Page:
Looking northwestward along the A290 towards Blean
The A290, less than 6 miles long, is a pleasant drive between Canterbury and Whitstable.
The route starts at a roundabout junction with the A28 near Canterbury East railway station. Following the dual-carriagway Rheims Way, it swings round from a northwesterly to a northeasterly heading, then leaves that road at another roundabout (this time with the A2050), to run into the city centre along St Peter's Place.
At the West Gate the A290 turns left to pick up the old route of the London-bound A2. London Road turns off left at St Dunstan's and the road ahead – once the B2042 and appropriately enough called Whitstable Road – now climbs up the hill out of Canterbury, past the university and a couple of independent schools.
Out of town, the road runs through Blean Woods, which are important for threatened wildlife species. The short stretch down from Honey Hill is fairly brisk, and before you know it you've reached the Thanet Way, the A299. The A290 used to go into Whitstable, but the final part of its original route is a B road these days.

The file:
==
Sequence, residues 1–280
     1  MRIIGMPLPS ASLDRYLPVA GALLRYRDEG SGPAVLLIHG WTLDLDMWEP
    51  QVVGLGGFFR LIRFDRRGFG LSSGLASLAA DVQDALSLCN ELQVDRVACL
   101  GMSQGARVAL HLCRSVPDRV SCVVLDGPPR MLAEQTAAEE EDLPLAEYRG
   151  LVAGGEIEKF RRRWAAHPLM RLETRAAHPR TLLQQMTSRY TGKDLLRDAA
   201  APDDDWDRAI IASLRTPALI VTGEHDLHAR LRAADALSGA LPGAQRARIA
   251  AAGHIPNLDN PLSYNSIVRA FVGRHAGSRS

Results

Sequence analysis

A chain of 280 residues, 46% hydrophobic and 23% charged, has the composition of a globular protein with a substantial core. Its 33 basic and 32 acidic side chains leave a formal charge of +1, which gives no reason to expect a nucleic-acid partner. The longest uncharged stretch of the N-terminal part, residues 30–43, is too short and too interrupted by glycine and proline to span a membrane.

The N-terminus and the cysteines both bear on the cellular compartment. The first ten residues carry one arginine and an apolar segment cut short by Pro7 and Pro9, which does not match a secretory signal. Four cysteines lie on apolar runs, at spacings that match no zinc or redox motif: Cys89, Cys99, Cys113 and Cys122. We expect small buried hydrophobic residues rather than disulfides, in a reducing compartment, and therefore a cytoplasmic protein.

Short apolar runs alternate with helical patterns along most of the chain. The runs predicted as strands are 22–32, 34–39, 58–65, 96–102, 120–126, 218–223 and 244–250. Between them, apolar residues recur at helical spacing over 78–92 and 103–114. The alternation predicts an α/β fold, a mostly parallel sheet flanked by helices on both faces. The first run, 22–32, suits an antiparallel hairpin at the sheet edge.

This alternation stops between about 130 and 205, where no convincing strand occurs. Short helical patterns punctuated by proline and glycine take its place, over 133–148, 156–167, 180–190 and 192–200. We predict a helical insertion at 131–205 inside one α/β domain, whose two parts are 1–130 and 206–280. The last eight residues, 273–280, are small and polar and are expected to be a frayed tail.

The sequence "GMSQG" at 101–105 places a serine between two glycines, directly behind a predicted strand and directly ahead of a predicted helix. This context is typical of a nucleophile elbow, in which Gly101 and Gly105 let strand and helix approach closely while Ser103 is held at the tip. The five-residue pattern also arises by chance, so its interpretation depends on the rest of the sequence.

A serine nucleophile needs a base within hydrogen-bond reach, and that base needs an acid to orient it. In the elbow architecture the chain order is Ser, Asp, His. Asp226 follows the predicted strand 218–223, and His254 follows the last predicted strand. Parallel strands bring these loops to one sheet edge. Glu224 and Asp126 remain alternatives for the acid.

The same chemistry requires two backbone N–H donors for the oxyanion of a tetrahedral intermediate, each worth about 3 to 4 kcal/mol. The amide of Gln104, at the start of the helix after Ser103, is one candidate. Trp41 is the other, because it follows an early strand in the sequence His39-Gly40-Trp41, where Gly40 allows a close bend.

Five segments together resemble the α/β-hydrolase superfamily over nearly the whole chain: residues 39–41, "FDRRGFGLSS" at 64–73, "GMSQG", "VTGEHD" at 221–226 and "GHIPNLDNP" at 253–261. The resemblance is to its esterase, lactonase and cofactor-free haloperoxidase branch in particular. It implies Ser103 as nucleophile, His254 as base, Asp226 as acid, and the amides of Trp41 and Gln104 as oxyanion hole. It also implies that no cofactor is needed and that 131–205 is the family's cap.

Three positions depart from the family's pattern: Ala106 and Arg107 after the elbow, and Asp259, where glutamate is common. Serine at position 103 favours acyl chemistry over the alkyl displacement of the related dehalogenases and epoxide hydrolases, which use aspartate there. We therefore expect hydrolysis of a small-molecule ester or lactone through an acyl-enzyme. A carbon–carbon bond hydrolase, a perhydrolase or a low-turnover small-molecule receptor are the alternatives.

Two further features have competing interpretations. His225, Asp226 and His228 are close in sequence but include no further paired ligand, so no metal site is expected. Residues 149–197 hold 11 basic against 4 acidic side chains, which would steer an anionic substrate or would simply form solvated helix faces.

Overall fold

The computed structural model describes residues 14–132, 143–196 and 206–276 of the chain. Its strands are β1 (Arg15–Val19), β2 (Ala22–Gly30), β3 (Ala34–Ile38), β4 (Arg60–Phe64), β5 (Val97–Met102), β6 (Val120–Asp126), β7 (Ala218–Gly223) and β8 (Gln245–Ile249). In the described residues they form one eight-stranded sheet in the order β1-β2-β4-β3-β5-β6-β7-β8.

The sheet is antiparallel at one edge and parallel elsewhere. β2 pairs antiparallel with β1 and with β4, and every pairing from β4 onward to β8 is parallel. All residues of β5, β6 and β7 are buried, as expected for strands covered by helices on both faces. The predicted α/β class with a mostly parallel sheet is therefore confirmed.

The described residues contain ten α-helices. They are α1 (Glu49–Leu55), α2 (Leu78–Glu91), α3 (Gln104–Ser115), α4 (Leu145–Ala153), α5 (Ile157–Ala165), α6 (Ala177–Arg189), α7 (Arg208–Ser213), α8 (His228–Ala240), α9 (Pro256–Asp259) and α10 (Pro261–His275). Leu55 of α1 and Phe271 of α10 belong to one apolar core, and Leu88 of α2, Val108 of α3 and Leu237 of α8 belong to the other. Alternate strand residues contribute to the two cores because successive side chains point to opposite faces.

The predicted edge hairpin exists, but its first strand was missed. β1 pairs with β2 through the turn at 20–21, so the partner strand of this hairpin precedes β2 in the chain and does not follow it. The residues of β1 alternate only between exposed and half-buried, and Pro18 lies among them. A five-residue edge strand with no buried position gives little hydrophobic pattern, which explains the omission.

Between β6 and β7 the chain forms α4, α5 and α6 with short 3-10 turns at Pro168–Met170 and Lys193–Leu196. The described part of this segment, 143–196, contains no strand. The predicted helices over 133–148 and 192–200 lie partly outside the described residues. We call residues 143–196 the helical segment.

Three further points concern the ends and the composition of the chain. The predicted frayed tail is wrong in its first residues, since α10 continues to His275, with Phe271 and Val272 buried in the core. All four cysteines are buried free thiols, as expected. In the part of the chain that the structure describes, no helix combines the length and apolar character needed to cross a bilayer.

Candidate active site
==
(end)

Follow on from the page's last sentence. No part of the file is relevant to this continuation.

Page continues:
Except for a short section in Canterbury city centre which was the A2, the original number of the A290 was the B2042. The road was upgraded to Class I status early on, becoming the A290. Its original terminus at the Whitstable end was on the B2040 (soon renumbered A299) Joy Lane - but when the A299 was moved onto the bypass (today's A2990) the A290 was extended slightly - maps suggest the road ended under the railway bridge. The road has now been cut back again to the A2990, with the route into the town centre now the B2205.